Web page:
Sunday, September 25, 2005

Iraq Week: The Shifting Sands of Reality Don't Hide WMD....

...But alas they do seem to have swallowed up Saddam's weapons makers. A fascinating and frightening article in this month's Mother Jones talks about how Iraq's weapons of mass destruction program might not have existed at the time of the American/British/Australian/Fijian invasion, but the scientists that had worked on it certainly did. And now they, and their deadly knowledge, are almost all missing. As the article's author Kurt Pitzer puts it:

They were Iraq's only real WMDs. The U.S. refused to secure them. Now Saddam's nuclear and bioweapons scientists are dispersed and more dangerous than ever.

It's not as if the (Bush) administration hasn't talked about the danger posed by Saddam's WMD scientists. Whether Iraq had actual weapons or just 'capabilities" didn't matter, it has long argued: even capabilities could leak out to terrorist groups... Nobody knows how many Iraqi scientists may have been lured over the borders into Iran, Syria, or beyond. Nobody knows because nobody is keeping tabs. But several observers agree that so little attantion is being paid to Iraq's scientists, the war may have actually increased the chances of nuclear capabilities proliferating beyond the country's borders. Between its unemployed scientists and the disapperance of large amounts of WMD-related materials from former weapons sites, Iraq now poses a nightmare scenario, according to Ray McGovern, who spent 27 years analyzing intelligence for the CIA. McGovern says "Before we invaded, there was no evidence that Iraq had any plan or incentive to proliferate. They didn't even have a current plan to develop WMD. They just hadn't been doing it. Now, my God, we have a magnet attracting all manner of foreign jihadists to a place where WMD expertise is suddenly unprotected. It just boggles the mind."

The exact number of scientists and technicians who worked on Saddam's WMD programs is unkown but it is estimated to be in the thousands. To date, only one (Mahdi Obeidi) has been brought safely to the United States. Indeed, Obeidi tried to surrender to the military, intelligence agencies, and even journalists only to have the US government ignore him until the Army, acting independently of the Defense Intelligence Agency, the CIA, and the state department, smashed in his front door and arrested him. Given that at least twelve other well known scientists who had surrendered had been imprisoned without charge (one was beaten to death in jail) Obeidi was understandably concerned, and after the CIA took him away from the Army's clutches he was able to give an interview to CNN and through visibilty buy himself some protection. Not long after interrogating Obeidi, the CIA posted detailed excerpts of documents and schematics Obeidi had handed over and bragged about the imformation he had given them on the agency's website. To quote Pitzer, "Buried for 12 years, some of Saddam's hoard of nuclear knowledge got out because of the US government, not in spite of it."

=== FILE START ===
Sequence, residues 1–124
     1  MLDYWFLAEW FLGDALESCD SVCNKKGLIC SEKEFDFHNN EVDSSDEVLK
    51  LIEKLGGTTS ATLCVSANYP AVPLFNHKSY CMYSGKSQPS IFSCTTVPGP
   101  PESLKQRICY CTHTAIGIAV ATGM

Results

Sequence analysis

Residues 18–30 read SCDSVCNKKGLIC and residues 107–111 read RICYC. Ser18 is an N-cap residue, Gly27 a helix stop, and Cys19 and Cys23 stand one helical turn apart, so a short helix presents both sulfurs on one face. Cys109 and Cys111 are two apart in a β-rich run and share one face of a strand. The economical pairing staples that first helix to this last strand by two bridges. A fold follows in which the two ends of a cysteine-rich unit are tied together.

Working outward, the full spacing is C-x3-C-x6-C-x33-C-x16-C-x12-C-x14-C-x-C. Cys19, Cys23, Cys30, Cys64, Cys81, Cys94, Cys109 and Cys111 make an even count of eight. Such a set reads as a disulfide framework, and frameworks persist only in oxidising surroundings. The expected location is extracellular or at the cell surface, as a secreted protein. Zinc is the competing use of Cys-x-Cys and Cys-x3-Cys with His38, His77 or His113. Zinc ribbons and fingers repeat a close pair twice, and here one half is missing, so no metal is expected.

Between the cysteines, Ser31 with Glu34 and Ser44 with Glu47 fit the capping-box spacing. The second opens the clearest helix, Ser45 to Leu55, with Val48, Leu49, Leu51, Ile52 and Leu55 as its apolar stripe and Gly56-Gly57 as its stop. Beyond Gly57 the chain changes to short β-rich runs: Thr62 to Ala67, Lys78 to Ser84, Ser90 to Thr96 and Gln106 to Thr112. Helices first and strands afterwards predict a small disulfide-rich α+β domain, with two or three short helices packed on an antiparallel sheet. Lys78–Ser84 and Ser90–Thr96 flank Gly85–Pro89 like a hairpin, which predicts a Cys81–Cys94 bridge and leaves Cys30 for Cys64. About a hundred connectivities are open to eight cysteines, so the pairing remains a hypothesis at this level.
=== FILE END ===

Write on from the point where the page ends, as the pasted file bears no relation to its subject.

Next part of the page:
I could rant and rage about this for eons, and to little effect other than to raise my blood pressure and not move the serious work of securing this dangerous and terrible knowledge forward one inch. So instead, let me return to Pitzer's article and former CIA case officer Robert Baer for an eloquent and chilling conclusion:

"The proliferation risk is higher than it was before, and a chaotic situation means this technology is going to spread," says Baer, who spent 21 years as a CIA case officer in the Middle East. If the administration had been serious about neutralizing Saddam's weapons program, he says, "the troops would have been securing equipment at weapons sites as they invaded, and they would have been looking for scientists... It tells you that this war had nothing to do with WMD."

Next up in this Iraq Week series: If we didn't go to war to get serious about WMD, the secondary reason given was to spread freedom and democracy to the Iraqi people. What do we do then when the Iraqi concept of freedom and democracy is antethical to our stated goal of regional stability?

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